Four years ago, when Ariel Sharon agreed to support the withdrawal from Lebanon, he proposed a prior condition: to deliver a powerful strike against the country, so the might of the Israel Defense Forces would be engraved on the collective memory and no one would try to operate against Israel after the IDF pullout. The recent spate of IDF actions in the Gaza Strip, and the large number of Palestinian casualties they have caused, are liable to create the impression that this is the realization of Sharon's "Lebanese" proposal: When withdrawal from Gaza is announced, accompany it by burning into the Palestinian consciousness the terrifying power of the IDF.
However, national memory, as everyone knows, is selective. The history of the 18 years of Israeli occupation in Lebanon ended with a Hezbollah "victory album," which demonstrates its ability to bend Israel's hand, and worse, is portrayed as a deterrent force equivalent to the IDF. The recent prisoner exchange deal certainly did nothing to detract from that image.
South Lebanon became the Hezbollah state, and a similar situation is liable to develop in the Gaza Strip. The point is that Israel is in the process of creating two Palestinian states, one in Gaza and the other in the West Bank. In Gaza, it is conducting its major military campaign against one organization, Hamas; it is proposing to withdraw from that organization's territory, evacuate settlements and demarcate a perfect boundary line with an enemy state. At the end of the process, Gaza is liable to become an entity cut off from the main Palestinian system, the autonomous province of an organization and not a separate section of the Palestinian state.
The signs that this is happening are already discernible on the ground. Hamas is presenting Israel's declaration of withdrawal from Gaza as its military and political victory, and not that of the Palestinian Authority or of the organizations associated with Fatah. Islamic Jihad has been shunted aside by Hamas, which is unwilling, for the time being, to incorporate it into one organizational framework. Hamas is blocking every Egyptian-sponsored initiative for a cease-fire, despite the declarations by its spokesmen, according to which the organization is ready to be part of any initiative that will serve the Palestinian interest. At the moment, Hamas does not consider a hudna (cease-fire) to be a Palestinian interest - meaning a Hamas interest - and its representatives are explaining that the organization is in a state of momentum that must not be broken off by a cease-fire.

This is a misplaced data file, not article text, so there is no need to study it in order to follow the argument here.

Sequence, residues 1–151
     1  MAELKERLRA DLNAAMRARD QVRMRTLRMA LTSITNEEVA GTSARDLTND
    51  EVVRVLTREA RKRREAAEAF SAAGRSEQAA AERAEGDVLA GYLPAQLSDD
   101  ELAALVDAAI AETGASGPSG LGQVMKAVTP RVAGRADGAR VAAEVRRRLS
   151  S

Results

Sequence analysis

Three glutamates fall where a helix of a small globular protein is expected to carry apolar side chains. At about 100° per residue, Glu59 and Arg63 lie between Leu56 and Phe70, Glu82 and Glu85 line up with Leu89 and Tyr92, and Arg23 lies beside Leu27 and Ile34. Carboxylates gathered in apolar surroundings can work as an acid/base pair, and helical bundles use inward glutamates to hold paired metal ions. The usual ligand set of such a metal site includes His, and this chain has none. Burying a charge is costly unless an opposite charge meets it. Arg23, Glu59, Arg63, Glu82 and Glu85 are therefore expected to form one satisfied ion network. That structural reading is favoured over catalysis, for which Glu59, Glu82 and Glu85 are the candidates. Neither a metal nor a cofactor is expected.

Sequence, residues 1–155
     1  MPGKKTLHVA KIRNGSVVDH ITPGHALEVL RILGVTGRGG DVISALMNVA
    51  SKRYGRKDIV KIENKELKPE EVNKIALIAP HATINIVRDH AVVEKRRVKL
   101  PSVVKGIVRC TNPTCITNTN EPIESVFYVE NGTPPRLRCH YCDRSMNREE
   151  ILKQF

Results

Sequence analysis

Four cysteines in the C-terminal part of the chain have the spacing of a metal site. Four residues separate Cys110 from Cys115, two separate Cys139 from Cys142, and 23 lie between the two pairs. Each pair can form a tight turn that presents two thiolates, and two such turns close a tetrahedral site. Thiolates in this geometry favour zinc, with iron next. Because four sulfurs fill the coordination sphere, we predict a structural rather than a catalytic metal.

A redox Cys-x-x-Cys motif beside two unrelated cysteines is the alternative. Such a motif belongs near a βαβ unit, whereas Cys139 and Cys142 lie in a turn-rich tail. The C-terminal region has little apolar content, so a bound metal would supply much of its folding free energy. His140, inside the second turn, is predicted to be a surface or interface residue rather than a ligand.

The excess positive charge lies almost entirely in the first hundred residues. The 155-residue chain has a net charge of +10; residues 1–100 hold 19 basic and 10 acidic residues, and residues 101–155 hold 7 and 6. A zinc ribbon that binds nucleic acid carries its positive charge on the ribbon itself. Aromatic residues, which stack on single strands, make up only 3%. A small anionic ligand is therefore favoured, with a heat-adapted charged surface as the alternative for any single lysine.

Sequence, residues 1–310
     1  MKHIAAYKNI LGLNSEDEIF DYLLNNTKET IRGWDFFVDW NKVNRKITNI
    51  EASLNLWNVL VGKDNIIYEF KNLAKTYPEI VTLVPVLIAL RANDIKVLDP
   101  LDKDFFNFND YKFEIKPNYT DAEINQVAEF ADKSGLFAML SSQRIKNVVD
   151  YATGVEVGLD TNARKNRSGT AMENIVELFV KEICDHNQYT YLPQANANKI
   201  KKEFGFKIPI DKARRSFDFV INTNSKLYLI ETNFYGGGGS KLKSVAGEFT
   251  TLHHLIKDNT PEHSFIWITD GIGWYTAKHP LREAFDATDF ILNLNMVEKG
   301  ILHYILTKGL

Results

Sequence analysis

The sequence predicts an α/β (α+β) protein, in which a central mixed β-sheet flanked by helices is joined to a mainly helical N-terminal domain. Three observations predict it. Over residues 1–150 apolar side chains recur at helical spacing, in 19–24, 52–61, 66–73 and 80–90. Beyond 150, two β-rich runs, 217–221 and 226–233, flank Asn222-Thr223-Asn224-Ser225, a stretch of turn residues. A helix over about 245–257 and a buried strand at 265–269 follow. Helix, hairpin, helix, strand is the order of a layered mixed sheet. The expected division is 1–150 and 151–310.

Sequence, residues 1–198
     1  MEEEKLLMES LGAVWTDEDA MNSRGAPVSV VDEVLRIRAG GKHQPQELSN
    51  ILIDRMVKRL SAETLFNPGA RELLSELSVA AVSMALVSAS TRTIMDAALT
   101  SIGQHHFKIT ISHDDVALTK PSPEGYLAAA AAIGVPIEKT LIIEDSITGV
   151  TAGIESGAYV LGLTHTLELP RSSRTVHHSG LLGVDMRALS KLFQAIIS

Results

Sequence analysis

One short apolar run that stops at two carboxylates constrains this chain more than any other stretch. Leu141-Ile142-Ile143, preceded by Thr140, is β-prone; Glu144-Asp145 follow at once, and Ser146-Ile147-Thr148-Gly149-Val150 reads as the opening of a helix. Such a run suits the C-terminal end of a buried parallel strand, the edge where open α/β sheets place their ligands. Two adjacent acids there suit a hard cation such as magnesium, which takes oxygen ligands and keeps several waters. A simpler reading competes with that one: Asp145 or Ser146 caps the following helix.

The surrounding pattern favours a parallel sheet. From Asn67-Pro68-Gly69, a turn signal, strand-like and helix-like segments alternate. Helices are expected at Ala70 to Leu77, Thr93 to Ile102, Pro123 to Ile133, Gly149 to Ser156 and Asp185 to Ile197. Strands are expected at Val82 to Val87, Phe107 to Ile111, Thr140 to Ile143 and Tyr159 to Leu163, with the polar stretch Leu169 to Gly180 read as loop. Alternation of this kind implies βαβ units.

The formulations being used by Hamas leaders to describe their "victory" are amazingly like the ones we heard from the heads of Hezbollah after the IDF withdrawal from Lebanon. But that is as far as the resemblance extends. Because even if there is a full Israeli withdrawal from Gaza, its 1.25 million inhabitants will continue to be under Israeli responsibility. In contrast to South Lebanon, Gaza will have no economic hinterland, not in the territories, not in Israel and not in Egypt. Equally important, the more time that passes between the withdrawal and any sort of political solution that will be achieved between Israel and the Palestinian Authority, the more difficult it will be for the PA to take renewed responsibility for the administration of the Gaza Strip. The result is liable to be another huge Palestinian diaspora, like the one in Lebanon, but without its civilian infrastructure.
There is no dispute that Israel needs to withdraw from Gaza, and fast; but it also has to find a new landlord for Gaza, just as fast. That can only be the Palestinian Authority, which in the meantime is not enthusiastic about the idea of the unilateral withdrawal. "Gaza and Jericho first" was a good proposal for another period, when an economic infrastructure still existed in the Gaza Strip and Hamas was a limited organization, fighting for its status. For the PA to be able to accept control of Gaza now, it will have to wage a tremendous struggle with Hamas. However, Israel's continued war against Hamas, and the showcase manner in which it is being waged, with the large number of Palestinian casualties it is exacting, is only enhancing the organization's status and will make it even more difficult for the PA to rehabilitate its status in the Gaza Strip.
If Israel seriously intends to leave the Gaza Strip, it would do well to calm things down there, and even to declare a unilateral cease-fire. That will make possible an intelligent withdrawal and the transfer of power to the Palestinian Authority without founding a Hamas state there.
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